Which deal topped the 2009 M&A roundup?

We rank the most significant deals in the government services space

After we compiled our annual roundup of all the M&A transactions that closed during 2009, we turned the list over to a group of M&A experts. They evaluated the deals according to their impact on the companies involved and the market, including what the transactions indicated about trends in the sector.

Our experts picked the top deals in nine categories. Some had clear-cut winners; one was a three-way tie; others had runners-up.

See if you agree. Post your comment below.

Best overall deal

Best large deal

Best defense deal

Best dealmaker

Best civilian deal

Best private-equity deal

Best midtier deal

Best intelligence-related deal

Best small-business deals

Click next to see another of 2009's top M&A deals, or click here to see our picks for the top deals.


Buyer: General Atlantic and Kohlberg Kravis Roberts

Target: TASC Inc.

Value: $1.65 billion

Why: This was the first — and so far only — deal, driven by organizational conflicts of interest requirements, which forced Northrop Grumman Corp. to sell its TASC unit. The deal also sets up TASC, with $1.6 billion in annual revenue, as a major new company in the market. The company is expected to pursue large contracts and make acquisitions.

Significantly, the deal marks the entrance into the government services market of two major private equity firms in General Atlantic and KKR. However, a question that remains is whether more conflict of interest-related deals will be made or whether this is a unique situation.

Click next to see another of 2009's top M&A deals, or click here to see the full list of top deals.


Buyer: Dell Inc.

Target: Perot Systems

Value: $3.9 billion

Why: Dell’s primary play in the government market has been around its hardware and related services. But by picking up Perot Systems, Dell made a statement that it sees its future growth coming from services, not hardware. The company needed to bolster its services offerings to keep pace with its chief competitors, IBM Corp. and Hewlett-Packard.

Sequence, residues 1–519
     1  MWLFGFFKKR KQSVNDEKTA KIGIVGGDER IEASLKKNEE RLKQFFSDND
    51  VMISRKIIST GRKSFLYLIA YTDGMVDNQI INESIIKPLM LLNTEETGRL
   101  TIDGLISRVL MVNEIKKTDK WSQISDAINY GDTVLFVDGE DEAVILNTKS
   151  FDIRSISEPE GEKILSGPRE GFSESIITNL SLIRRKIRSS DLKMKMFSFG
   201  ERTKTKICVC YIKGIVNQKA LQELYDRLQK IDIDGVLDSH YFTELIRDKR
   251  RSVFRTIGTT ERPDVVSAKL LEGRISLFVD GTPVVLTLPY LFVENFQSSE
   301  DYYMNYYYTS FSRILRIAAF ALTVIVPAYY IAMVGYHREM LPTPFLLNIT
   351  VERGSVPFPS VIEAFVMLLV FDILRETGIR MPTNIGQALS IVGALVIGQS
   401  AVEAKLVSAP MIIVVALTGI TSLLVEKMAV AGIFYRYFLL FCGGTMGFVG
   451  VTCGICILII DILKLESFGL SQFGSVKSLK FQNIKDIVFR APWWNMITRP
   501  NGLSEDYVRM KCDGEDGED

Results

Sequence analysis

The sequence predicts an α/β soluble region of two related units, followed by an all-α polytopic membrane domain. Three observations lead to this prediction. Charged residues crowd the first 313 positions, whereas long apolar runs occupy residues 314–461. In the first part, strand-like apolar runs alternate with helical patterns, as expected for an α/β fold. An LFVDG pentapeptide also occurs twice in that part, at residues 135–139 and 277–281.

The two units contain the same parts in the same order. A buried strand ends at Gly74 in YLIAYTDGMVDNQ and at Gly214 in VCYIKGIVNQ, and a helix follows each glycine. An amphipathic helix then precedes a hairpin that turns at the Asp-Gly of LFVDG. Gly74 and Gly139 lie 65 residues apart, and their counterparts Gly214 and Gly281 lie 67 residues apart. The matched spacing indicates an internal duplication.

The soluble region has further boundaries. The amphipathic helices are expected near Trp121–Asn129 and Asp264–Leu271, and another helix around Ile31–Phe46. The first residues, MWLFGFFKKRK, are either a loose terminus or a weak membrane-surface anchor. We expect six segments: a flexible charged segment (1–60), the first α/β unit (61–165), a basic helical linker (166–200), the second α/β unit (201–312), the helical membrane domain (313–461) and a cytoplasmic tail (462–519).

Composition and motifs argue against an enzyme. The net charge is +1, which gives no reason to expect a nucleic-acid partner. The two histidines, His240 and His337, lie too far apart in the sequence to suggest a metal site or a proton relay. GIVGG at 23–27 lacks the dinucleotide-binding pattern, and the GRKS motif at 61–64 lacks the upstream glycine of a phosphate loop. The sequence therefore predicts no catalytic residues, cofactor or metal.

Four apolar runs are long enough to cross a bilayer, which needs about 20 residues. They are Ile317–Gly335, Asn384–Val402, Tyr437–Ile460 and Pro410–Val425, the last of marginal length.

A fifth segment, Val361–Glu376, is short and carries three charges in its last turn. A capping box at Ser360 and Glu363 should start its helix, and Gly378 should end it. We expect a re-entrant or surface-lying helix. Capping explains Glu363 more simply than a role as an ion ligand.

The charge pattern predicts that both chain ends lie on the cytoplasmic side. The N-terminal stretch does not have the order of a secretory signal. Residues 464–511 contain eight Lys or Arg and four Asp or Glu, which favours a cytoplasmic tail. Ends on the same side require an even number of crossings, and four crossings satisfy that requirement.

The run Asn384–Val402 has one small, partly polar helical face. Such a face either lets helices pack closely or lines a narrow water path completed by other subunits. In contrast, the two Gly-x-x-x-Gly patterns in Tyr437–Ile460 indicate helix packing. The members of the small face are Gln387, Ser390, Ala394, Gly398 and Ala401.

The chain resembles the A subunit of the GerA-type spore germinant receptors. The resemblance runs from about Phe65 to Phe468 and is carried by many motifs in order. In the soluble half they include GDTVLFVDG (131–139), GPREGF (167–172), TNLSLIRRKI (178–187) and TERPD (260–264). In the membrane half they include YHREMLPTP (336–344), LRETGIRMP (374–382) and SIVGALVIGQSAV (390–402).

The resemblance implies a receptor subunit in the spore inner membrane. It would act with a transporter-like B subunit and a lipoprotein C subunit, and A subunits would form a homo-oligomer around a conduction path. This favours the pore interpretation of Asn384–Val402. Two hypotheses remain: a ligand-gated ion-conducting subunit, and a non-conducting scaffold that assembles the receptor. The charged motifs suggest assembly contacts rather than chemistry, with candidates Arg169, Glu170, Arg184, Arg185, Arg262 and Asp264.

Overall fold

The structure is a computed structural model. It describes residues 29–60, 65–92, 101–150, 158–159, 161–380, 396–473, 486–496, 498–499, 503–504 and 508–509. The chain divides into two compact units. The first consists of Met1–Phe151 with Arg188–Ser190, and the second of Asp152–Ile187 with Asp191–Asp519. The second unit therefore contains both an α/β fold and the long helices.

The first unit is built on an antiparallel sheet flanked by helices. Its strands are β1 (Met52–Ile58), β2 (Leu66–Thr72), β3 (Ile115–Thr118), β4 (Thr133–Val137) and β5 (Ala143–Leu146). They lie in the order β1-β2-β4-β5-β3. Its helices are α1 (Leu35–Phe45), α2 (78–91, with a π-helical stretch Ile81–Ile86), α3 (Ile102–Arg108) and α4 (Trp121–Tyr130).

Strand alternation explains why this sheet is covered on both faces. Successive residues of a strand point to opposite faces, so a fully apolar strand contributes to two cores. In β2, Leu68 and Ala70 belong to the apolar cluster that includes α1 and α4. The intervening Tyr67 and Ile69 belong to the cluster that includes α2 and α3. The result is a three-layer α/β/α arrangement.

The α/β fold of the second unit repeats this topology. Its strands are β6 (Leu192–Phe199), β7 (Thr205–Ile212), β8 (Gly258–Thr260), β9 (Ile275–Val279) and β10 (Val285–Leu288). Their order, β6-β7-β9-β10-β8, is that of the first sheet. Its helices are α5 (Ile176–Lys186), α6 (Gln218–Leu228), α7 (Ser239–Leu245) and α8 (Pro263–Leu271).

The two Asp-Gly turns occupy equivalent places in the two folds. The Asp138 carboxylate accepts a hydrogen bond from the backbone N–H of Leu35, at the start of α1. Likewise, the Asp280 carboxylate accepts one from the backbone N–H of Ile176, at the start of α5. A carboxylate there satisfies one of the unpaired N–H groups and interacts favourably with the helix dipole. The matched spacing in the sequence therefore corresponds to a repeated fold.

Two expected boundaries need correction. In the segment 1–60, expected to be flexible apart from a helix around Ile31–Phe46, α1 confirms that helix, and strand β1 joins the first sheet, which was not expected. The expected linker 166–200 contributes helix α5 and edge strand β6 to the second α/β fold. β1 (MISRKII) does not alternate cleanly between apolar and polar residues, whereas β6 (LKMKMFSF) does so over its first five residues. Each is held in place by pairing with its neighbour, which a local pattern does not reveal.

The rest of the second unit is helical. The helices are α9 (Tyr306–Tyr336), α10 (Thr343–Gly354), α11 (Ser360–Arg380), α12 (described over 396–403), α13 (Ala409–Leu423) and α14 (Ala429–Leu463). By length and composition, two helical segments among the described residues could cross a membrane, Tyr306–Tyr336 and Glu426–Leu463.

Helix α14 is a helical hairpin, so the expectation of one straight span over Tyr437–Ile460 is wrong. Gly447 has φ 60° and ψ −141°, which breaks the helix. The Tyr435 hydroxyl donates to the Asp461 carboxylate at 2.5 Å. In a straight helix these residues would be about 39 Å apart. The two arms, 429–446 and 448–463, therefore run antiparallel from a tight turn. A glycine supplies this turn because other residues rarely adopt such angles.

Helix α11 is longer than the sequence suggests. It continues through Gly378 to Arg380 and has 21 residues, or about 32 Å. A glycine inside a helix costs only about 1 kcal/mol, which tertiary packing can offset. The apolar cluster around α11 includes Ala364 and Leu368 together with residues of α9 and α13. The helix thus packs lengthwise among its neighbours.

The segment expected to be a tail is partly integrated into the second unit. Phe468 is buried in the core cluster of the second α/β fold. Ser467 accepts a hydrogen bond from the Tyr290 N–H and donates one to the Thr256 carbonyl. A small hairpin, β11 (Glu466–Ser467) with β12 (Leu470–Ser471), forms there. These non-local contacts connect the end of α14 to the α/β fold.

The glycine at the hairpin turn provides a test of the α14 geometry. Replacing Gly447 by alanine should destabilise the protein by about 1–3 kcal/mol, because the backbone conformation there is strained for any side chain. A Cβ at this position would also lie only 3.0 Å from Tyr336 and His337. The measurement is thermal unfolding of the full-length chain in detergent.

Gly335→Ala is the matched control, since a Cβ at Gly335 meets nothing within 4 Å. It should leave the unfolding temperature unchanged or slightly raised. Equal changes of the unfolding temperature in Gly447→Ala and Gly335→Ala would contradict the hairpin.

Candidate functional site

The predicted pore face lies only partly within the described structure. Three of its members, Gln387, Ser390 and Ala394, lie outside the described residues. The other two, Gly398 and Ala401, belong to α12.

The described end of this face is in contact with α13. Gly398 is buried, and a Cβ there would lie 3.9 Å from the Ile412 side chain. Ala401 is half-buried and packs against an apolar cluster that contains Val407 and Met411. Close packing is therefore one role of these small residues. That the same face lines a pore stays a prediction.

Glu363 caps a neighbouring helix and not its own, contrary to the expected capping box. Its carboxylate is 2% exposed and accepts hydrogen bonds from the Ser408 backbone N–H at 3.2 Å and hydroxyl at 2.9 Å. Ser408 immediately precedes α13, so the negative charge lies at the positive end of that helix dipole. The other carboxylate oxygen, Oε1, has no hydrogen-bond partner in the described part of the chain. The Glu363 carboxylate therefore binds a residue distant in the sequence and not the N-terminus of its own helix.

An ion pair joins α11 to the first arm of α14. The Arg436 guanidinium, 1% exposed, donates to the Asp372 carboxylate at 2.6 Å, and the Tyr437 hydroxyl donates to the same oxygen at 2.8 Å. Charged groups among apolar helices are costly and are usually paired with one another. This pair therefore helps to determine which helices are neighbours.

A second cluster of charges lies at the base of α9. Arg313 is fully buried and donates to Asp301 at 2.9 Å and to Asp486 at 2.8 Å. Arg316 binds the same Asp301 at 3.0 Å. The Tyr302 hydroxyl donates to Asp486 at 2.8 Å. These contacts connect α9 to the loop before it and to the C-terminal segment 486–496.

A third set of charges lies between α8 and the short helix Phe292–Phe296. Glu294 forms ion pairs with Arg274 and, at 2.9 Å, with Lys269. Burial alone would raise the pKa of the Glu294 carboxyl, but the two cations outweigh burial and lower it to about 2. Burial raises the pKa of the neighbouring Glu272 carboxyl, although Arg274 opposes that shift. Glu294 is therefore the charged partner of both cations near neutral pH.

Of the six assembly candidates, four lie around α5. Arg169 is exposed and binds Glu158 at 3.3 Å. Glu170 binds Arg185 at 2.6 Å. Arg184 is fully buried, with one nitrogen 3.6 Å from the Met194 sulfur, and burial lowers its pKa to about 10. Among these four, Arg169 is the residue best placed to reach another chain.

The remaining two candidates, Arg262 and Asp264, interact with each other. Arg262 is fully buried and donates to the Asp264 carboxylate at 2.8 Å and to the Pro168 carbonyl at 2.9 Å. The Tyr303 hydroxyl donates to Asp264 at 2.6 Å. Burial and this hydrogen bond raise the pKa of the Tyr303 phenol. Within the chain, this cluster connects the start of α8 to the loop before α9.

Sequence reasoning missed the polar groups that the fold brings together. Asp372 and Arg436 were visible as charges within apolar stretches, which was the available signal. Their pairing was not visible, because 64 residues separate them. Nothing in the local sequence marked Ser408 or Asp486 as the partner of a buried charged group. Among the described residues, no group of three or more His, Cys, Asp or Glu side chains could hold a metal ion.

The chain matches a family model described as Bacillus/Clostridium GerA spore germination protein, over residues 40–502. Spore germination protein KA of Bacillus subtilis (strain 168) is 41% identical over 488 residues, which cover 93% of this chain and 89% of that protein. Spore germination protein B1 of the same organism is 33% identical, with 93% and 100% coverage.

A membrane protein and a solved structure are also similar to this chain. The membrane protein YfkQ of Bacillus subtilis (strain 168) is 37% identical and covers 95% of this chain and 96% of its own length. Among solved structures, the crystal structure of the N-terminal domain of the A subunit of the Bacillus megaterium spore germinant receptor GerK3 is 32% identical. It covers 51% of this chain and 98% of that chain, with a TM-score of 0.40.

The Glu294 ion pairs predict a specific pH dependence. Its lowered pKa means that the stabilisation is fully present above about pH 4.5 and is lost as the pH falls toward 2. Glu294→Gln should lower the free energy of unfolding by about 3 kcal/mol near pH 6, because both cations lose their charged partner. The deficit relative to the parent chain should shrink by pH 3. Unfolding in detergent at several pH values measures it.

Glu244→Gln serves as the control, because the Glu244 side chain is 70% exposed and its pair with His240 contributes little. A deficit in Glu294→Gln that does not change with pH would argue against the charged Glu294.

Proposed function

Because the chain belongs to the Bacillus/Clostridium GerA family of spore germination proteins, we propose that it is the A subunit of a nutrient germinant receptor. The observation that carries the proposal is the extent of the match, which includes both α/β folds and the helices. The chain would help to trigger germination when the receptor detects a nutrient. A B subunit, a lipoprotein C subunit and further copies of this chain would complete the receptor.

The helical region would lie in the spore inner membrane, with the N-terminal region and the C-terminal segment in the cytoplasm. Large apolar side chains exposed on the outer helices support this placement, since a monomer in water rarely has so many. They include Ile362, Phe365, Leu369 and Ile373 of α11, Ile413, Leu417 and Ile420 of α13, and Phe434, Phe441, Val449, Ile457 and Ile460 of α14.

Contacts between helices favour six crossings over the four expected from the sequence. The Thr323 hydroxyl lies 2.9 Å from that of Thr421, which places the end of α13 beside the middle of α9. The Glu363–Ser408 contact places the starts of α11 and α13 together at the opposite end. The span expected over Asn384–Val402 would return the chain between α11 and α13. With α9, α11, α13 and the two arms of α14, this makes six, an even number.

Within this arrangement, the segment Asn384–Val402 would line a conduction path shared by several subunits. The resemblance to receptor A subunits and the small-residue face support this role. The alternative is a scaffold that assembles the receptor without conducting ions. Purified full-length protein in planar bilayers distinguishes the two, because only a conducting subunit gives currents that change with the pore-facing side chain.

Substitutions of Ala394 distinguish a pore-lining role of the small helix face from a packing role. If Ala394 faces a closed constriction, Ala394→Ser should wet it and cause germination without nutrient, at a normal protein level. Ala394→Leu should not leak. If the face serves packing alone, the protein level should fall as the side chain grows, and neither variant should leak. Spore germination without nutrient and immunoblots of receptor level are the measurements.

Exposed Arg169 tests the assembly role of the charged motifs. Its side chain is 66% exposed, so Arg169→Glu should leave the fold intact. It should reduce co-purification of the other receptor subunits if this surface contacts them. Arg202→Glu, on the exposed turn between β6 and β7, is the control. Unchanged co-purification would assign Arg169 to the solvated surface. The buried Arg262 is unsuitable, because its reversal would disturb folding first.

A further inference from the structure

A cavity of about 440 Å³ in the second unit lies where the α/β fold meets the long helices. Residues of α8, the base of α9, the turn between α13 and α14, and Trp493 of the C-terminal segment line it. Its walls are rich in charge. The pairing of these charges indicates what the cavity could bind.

The deal was the largest acquisition in Dell’s history and also puts reality behind the company’s rhetoric about the government market's importance.

Click next to see another of 2009's top M&A deals, or click here to see the full list of top deals.


Buyer: Raytheon Co.

Target: BBN Technologies

Value: $350 million

Why: BBN has a well-earned reputation as a high-end technology company that has always been on the cutting edge. Raytheon has picked up one of the founders of the Internet and other critical defense technologies. The acquisition is a crown jewel for Raytheon as it competes for a variety of communications and networking contracts.

Click next to see another of 2009's top M&A deals, or click here to see the full list of top deals.


Buyer: Six3 Systems

Targets: Harding Security Associates and BIT Systems

Why: A year ago, Six3 Systems didn’t exist. But private equity firm GTCR lured Bob Coleman away from ManTech International, where he was chief operating officer, to be chief executive officer, and Six3 went from start-up to closing two deals in less than a year.

The deals have come in the intelligence space, and those companies tend to get a lot of attention from buyers.

GTCR also is a private equity firm that is experienced and successful in the government market, having backed DigitalNet Inc. earlier in this decade.

Click next to see another of 2009's top M&A deals, or click here to see the full list of top deals.


Buyer: ICF International

Target: Macro International Inc.

Value: $129 million